Being able to spend time as a family is something that many Chinese never knew.  Tianbing, who now lives in Paris, already has a son and his second child is on the way.  This is something that we take for granted and don’t even consider but Tianbing feels as if he has won a prize.  His works are very moving and thought-provoking; they make us look at the cosy nature of our own existence and acknowledge the trials that Tianbing and others like him had to endure growing up under the oppressive Chinese administration.

Li Tianbing, Reverse Walk, 2012.  Image courtesy the artist, Stephen Friedman Gallery, London and Pearl Lam Galleries, Hong Kong and via www.stephenfriedman.com

Now that Tianbing is less lost and has found what he missed during his youth, his works have become more grounded with a glimmer of happiness.   Although the memory of the one-child policy will always be omnipresent, he has moved on to look at other issues affecting the Chinese economy.  Tianbing’s works have a powerful hold on viewers and, because they have room to breathe and are not over-crowded in the gallery, the children’s intense gazes do not let you go.

We wandered up Bond Street, past Sotheby’s who were preparing for the Munch viewing, to Opera Gallery where, for us, the highlight of their mixed contemporary show was two photographs by Gérard Rancinan.

Gérard Rancinan, On the Way Back from Disneyland, 2011. Image courtesy of the artist and via www.operagallery.com

For the first of our private views we headed back the way we’d come and turned onto Bruton Street.  Trinity Contemporary is tucked away upstairs and would be easy to miss if you didn’t know it was there.  We chickened out of going in the very creaky old lift and climbed up the stairs to their surprisingly light and neat space on the third floor to see a solo exhibition of drawings by Emma McNally.  Atoms Insects Mountains Stars is inspired by the work of French philosopher Gilles Deleuze and these works show the artist’s extensive working with graphite made of carbon which reflects her interest in philosophy, science and music.  McNally’s pencil works are highly detailed looking as if they may well be the result of scientific readings – their vocabulary has been compared both to musical scores and computer coding, due to its rhythmic and harmonic activity.  In some of her new works, McNally has turned drawing into a sculptural process, pouring pure graphite powder onto large surfaces and then hammering nails into them.  The works shimmer, forming an intricate network of lines and marks.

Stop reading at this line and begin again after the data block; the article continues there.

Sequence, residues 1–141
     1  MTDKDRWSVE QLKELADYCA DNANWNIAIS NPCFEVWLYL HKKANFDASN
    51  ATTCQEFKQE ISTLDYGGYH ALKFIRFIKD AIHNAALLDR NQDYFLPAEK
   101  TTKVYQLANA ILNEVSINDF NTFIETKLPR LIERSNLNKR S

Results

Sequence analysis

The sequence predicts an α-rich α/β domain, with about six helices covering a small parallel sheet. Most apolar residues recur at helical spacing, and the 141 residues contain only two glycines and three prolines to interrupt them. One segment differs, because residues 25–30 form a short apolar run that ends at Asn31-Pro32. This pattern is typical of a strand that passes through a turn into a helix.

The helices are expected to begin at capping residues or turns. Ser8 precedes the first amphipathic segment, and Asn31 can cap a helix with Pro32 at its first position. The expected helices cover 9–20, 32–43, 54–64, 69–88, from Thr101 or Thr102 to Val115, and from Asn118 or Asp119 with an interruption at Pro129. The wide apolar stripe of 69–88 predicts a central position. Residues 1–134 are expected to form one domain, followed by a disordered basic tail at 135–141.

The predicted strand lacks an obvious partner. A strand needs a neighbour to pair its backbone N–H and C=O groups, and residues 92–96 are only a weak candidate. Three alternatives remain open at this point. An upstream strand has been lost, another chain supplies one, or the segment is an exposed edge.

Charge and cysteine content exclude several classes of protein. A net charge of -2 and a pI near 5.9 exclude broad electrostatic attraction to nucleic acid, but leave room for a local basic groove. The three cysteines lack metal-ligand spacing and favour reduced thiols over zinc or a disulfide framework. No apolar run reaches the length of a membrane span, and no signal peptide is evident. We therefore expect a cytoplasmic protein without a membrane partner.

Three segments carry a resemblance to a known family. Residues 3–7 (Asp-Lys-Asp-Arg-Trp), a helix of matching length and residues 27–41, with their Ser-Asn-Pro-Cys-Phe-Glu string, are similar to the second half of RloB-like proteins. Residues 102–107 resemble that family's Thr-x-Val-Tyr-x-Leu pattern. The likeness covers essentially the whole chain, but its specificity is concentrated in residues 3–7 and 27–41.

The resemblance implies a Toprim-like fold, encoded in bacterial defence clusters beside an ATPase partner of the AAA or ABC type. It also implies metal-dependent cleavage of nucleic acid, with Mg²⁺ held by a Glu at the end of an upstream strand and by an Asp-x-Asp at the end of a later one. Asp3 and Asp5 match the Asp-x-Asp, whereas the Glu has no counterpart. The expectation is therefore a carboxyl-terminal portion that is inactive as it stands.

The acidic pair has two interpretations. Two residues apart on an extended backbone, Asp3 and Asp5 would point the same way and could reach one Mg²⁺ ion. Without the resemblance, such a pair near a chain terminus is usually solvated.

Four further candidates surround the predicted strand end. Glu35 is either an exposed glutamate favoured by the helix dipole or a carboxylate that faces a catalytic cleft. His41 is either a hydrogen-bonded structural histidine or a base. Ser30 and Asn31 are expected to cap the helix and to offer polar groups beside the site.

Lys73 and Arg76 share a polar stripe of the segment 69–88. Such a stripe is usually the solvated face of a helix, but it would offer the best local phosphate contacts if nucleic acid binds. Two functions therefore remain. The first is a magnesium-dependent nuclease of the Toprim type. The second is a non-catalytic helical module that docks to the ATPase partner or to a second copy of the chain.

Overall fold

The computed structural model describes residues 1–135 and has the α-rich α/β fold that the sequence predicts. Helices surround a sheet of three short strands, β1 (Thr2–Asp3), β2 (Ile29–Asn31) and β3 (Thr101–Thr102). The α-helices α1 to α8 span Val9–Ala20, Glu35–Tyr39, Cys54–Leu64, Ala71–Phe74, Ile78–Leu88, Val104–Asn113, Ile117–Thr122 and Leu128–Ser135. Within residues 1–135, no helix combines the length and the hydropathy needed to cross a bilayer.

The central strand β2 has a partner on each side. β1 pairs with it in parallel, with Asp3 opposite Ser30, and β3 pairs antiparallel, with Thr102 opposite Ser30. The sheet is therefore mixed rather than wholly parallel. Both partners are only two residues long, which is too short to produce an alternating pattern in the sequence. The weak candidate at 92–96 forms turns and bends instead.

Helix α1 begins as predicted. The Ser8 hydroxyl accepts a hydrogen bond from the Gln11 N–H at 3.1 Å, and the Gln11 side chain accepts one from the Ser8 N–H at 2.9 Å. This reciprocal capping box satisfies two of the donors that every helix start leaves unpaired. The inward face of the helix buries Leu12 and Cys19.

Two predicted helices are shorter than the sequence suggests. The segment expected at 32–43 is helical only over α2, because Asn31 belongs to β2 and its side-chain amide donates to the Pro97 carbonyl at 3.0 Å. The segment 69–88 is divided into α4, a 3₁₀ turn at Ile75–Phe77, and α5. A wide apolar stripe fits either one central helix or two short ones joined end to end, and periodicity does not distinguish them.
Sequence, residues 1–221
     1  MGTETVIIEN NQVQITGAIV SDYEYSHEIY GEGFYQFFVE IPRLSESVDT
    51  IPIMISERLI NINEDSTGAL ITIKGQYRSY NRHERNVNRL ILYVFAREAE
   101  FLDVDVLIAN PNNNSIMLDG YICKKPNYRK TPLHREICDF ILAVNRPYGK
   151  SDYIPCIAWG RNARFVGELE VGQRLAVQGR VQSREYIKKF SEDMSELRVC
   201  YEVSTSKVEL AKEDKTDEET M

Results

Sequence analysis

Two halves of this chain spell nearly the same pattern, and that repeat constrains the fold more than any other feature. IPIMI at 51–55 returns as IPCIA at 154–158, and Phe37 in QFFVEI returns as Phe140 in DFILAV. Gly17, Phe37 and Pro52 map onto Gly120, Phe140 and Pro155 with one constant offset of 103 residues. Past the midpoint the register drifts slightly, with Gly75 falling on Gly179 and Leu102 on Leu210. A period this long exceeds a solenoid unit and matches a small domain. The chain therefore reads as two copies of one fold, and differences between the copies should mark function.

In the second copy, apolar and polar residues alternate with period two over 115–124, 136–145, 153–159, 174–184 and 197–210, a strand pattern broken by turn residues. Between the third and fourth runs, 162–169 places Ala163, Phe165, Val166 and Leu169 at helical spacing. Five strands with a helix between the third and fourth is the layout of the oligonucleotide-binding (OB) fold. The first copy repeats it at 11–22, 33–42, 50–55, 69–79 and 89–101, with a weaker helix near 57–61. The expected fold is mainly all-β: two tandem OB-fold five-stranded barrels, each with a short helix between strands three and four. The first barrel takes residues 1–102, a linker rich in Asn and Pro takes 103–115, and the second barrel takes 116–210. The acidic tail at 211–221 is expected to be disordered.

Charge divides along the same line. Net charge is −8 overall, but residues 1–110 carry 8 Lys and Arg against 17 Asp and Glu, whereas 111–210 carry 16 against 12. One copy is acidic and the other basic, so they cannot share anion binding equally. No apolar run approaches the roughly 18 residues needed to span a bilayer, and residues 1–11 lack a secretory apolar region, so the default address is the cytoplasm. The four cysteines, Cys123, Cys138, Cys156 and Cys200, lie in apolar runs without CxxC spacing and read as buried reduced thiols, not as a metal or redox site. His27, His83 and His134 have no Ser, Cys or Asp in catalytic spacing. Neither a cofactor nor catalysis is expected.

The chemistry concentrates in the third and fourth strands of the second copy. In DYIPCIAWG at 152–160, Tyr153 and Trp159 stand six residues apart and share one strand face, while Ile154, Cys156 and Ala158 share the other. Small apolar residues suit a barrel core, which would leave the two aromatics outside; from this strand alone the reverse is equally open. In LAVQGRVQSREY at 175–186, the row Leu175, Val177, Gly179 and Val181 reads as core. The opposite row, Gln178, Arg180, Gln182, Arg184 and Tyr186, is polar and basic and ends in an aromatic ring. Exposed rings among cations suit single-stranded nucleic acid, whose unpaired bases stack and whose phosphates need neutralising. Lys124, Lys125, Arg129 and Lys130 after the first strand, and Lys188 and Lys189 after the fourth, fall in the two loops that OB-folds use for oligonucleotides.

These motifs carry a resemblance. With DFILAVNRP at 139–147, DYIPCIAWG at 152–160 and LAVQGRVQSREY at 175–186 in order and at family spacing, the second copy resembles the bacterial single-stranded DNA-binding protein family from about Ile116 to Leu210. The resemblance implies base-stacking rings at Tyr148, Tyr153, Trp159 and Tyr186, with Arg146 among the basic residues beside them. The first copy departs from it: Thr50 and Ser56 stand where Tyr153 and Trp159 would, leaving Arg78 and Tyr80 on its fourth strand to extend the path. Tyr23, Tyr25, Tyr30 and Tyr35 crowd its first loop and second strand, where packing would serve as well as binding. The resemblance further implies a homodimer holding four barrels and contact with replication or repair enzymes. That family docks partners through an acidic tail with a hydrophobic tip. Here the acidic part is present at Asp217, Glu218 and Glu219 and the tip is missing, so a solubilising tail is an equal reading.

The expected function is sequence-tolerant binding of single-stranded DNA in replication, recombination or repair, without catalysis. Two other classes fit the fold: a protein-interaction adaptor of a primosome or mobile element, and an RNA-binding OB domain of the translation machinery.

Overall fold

Emma McNally at Trinity Contemporary. Own photograph.

Back to near where we started, we popped into Simon Lee which has to win top marks for being the buzziest private view of the evening.  It was packed with people drinking and gossiping for Paulina Olowska’s first solo show here.  Her new works continue her exploration of feminist and socially-engaged themes, often channelling or paying homage to other women artists.  Here, she plays with the rudimentary idea of the muse and the imagined, or remembered, image of a mother.  The images have a sense of fragility, trying to preserve a moment in time as it passes by.

Paulina Olowska at Simon Lee. Own photograph.

My feet were now starting to suffer and as I limped to Sarah Myerscough I had a feeling that this may well have to be our final stop.  Tucked away on Brooks Mews, the gallery is presenting an exhibition with works by 11 artists on the subject of monochrome.  There is no pretension, just a few really nice works in black and white.

B&W (Monochrome), Sarah Myerscough Fine Art. Own photograph.

A simple one with which to finish but I couldn’t face walking another pace to another place.  I hobbled round the corner, changed into ballet pumps and scurried home.  The other three galleries on my overly ambitious list will have to wait until another day.

Li Tianbing is at the Stephen Friedman Gallery until 21st April, www.stephenfriedman.comEmma McNall: Selected Drawings, Atoms Insects Mountains Stars is at Trinity Contemporary until 27th April, www.trinitycontemporary.com.   Paulina Olowska: Mother 200 is at Simon Lee Gallery until 26th May 2012, www.simonleegallery.com. B&W (Monochrome) is at Sarah Myerscough Fine Art until 5th May 2012, www.sarahmyerscough.com.  For more information on the other galleries mentioned please see www.alonzakaim.com, www.flowersgallery.com, www.alancristea.com and www.operagallery.com

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Two Galleries for Tuesday: Stephen Friedman and White Cube

23 Nov